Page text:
nā Paora Tibble, Kaiwhanake ā-Iwi │Iwi Development Adviser
After 10 years of working at Te Papa as a taonga Māori Collection Manager, Mark Sykes has moved to Te Whare Ō Taketake │Whakatāne Museum & Research Centre as the Manager Collections and Research. Mark is a ringarehe (a deft weaver), and has worked on countless exhibitions at Te Papa, throughout the country and overseas with exhibitions like Whales │Tohorā.
For Mark, this is a return home. He comes from Matatā, which is about 24 km from Whakatane. I was privileged to attend Mark’s pōhiri to his new workplace. The pou tikanga for the iwi currently in residence at Te Papa, Rongowhakaata, also attended the pōhiri to show their gratitude for the work that Mark had done to support the exhibition Ko Rongowhakaata: The Story of Light and Shadow.
Mark, e hoki ki tō maunga kia purea koe e ngā hau o te kāinga, kia kauria ngā wai tuku kiri o Tarawera, ngā tai o Te Moana o Toi. Hoki atu rā e hika!
I’ve been on the road with my colleagues Sally August (North Island Museum Development Adviser) and Vicki-Anne Heikell (Paper Conservator, National Preservation Office) meeting with kaitiaki across the Bay of Plenty and Coromandel.
When you get to see what our museum people can do or the stories of our past that they have to share, you get a sense of the passion that’s bubbling beneath the surface.
We visited Dean Flavell and Fiona Kean at the Tauranga Heritage Collection taonga storage facility. It was the first time that I’d met Dean, but I’d heard much about him. An accomplished carver, Dean has plenty of experience in the care, conservation and preservation of taonga Māori. Fiona told us that she had driven one of the steam engines in the collection.
While we were in Tauranga, Vicki-Anne Heikell ran a Care and Management of Archives workshop at the Greerton Library. Libraries hold a different type of taonga, but archives are a space where museums and libraries connect. It was great to meet up with Māori librarians Ani Sharland and Anahera Sadler from Te Aka Mauri │Rotorua Library.
We also connected with Elisha Rolleston from the Tauranga Library. Elisha is a prime example of a mild mannered librarian who just happens to excel at the art of the Manu – a waterbombing technique where you land in the water in a “v”.
Also attending the workshop were two members of the Te Whare Tīrara o Te Rangihouhiri │Archive, Research and Dissemination Unit from Ngāi Te Rangi. We’ll be working with Ngāi Te Rangi on a taonga preservation workshop in the near future.
Later in our trip, we got to Rotorua where we visited Haki Tahana and Raimona Inia who are volunteers presently working with on the Te Arawa Trust Board archives.
This trust was established in 1924 to administer, on behalf of Te Arawa, the annual annuity paid by the Crown for title to the beds of the Rotorua Lakes. The kōrero tuku iho held in this archive are a taonga for the people of Te Arawa. Vicki-Anne has given advice to this group before, so this was an opportunity to get an update and give more guidance for the future care of this archival collection.
Rotorua Museum has been closed to the public since late 2016, following the Kaikoura earthquake. We met with Manaaki Pene and Catherine Jehly at the museum’s storage facility on Tallyho Street. While it is incredible to see all the taonga in Te Papa, it’s a whole other thing to see an amazing collection of taonga in storage, in their rohe. I was amazed by the collection. Pukaki is there, as are many other tīpuna of Te Arawa.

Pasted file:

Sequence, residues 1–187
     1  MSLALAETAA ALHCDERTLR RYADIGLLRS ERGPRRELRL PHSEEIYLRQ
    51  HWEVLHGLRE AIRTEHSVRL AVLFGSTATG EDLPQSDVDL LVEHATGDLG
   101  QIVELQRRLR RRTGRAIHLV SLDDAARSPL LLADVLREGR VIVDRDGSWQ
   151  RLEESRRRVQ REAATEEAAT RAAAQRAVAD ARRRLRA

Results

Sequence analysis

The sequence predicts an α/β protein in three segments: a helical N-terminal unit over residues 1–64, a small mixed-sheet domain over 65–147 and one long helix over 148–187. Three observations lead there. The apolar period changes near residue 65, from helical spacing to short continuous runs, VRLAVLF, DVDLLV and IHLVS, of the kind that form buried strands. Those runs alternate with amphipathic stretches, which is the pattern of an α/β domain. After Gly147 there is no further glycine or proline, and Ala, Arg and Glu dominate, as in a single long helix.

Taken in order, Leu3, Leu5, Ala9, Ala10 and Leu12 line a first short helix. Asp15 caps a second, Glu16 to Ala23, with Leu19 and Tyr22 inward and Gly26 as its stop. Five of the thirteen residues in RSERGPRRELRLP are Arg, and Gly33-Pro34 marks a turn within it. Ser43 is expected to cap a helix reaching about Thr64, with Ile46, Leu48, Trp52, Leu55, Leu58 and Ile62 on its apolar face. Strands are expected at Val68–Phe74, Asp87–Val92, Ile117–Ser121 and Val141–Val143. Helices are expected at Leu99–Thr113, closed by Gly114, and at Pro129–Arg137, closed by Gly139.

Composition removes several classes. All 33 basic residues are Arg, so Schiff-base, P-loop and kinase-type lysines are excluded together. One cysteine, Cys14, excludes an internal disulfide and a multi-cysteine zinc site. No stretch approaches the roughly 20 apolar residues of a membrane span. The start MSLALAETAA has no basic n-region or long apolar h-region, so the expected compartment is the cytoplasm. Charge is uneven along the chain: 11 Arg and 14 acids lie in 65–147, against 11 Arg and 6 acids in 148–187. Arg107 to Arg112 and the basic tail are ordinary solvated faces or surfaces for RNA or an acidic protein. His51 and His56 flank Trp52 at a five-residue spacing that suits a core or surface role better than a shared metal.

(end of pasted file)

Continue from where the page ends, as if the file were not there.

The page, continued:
Like the crew back at the Tauranga storage facility, the team in Rotorua are able to dedicate more time to the collection while they are without a exhibition facility. They’re also looking at ways of bringing the community in.
From Rotorua we travelled to Murupara to meet up with Ngāti Whare. We caught up with Te Waitī Rangiwai and her team who are working on the archives of Ngāti Whare. We’re at a point in our history where various iwi have completed or are in the process of going through the Waitangi Tribunal. Many iwi are looking for support and training in the area of archives, this is where someone like Vicki-Anne Heikell with her expertise around the care of paper-based taonga can help.
The next day we visited Te Uru Taumatua, in Taneatua. Here we met with Carly Rangiaho who is the manager of Te Whare Puri, the Archives and Research unit of Tūhoe.
The last stop on our trip was in Ōpōtiki, we did a few meetings throughout the day. That evening, two of our crew had agreed to present a rapid fire talk at a Pecha Kucha event held at the Ōpōtiki Senior Citizens Hall.
Vicki-Anne Heikell delivered an awesome presentation on why she loves her job as a paper conservator. My one was titled ACCESS, in the context of mana taonga. Interestingly enough, we both used images of the late Mina McKenzie and Cliff Whiting. The influence of kaitiaki such as Mina and Cliff can still be felt today.
Finally, I’d like to acknowledge Corban Te Aika who is leaving Te Whare Taonga o Ngā Pākihi Whakatekateka o Waitaha │Canterbury Museum. Corban is a highly skilled young leader of his people, Ngāi Tūahuriri, who can hold his own on the marae and in whare taonga when required to bless, clear or cleanse the space through karakia. When the mauri of Te Matatini was handed from Ngāi Tahu over to the Te Upoko o Te Ika organising committee, it was Corban who was chosen to taki karakia. In te ao Māori, this is no small feat.
When Migoto and I facilitated The Role of Māori in Museums workshop held in Christchurch last year, it was Corban who gave the Kāi Tahu context for our hui.
Nō reira, Corban, e te hoa, e te uri o Kāi Tahu, o Ngāi Tūahuriri, nā koutou tō tātau Kāhui Kaitiaki i manaaki ki tō marae, ki Tuahiwi. Ahakoa wehe atu koe i te whare taonga nā, e kore te taonga i a koe e mahue atu. Kei te mana, kei te ihi, kei te wehi, kei te tapu a ō tīpuna, kei te mihi ake!